The entire mech was coated in a light coat of Future to seal the outlining (which was done with a Sakura calligraphy pen) before final finishing. This consisted of a coat of Delta Ceramcoat Indoor/Outdoor Matte Urethane Varnish to make the mech completely matte, and then a second coat of the same, but cut with Future, to give the final product a “low” semi-gloss look.
It might not have been a great success, and the fansub I’ve seen has some questionable spelling (don’t most of them?), but overall, I really liked Dragonar. I think it was nicely drawn and even though it was clearly slavishly derivative, still had some merits. It is a great “lost” mech show that deserves more love on this side of the ocean. It’s from my favourite era of anime and didn’t disappoint me, like Layzner did.
Because of this, finding out that there had been a whole raft of Dragonar kits was bittersweet; I wanted them all, but it was about 30 years ago… where would I find them? Well, thanks to Hobbywave.com and a more recent-repop, I got my wish and DID get all the 1/144 kits going. They’re all very similar to the Schwalg, too, which is good.
The Schwalg, despite being simple, built up nicely. It was far less trouble than a Gundam from the same time period, and the minimal build around and lack of fiddly bits made it a joy to work with. Sure, it needed some improvements to make it more show-accurate, but you can build this right out of the box and most people won’t know any difference. The mobility of the kit isn’t great, and the big wings and lack of head mean that dynamic poses are out. However, that isn’t a big deal for me: it’s a model, not a toy, and should be displayed as such, I feel.
This would be a great kit for a new mech builder. A novice modeller could handle this easily, and if you’ve never built a mech, but have experience with other kinds of kits, you’ll have no problem with this model. Because the kit is from an obscure series, it lends itself to kitbashing and customization, too. You can do whatever you want and it’ll still be a simple and fun kit.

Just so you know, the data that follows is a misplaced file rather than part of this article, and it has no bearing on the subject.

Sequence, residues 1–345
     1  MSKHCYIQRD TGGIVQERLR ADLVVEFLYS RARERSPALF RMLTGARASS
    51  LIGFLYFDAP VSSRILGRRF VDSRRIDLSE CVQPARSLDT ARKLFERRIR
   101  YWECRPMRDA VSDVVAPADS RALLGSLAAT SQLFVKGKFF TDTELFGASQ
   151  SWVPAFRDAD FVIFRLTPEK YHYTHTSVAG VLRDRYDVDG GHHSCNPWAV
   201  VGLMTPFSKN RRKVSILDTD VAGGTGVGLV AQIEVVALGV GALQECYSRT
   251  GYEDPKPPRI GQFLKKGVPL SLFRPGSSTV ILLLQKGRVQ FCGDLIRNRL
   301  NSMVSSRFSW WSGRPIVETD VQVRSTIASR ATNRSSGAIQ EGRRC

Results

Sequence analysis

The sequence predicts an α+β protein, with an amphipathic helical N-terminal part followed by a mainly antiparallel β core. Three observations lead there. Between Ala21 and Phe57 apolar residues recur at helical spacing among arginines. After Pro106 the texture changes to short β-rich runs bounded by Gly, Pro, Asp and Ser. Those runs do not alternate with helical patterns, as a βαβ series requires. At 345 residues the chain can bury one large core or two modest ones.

This kit is a perfect example of a “scalable” kit. It’s simple enough for the uninitiated, but it makes a fun project for long-time builders, too. I made it more complicated than it should be, for sure, and I enjoyed “accurizing” the kit. I like that in a world with too few Schwalgs in it, mine is unique! There’s not a lot of paintwork that’s too complicated, but like all mecha, some care and detail work will make a world of difference.
I can’t recommend the Dragonar kits highly enough. They’re simple and fun, and the designs are just different enough from what we’re used to seeing that they will make people do a double-take. The use of jet packs (and those lower leg designs!) was popularized by Seed and Seed Destiny, so all of a sudden these old chestnuts don’t appear so out of date anymore, either!
If you like Sci-Fi, and anime in particular, you owe it to yourself to pick up one (or all) of the Dragonar kits. They’re definitely something differently familiar, and they’ll have a lot of your friends scratching their heads trying to figure out what series they’re from. That’s worth the price of admission alone!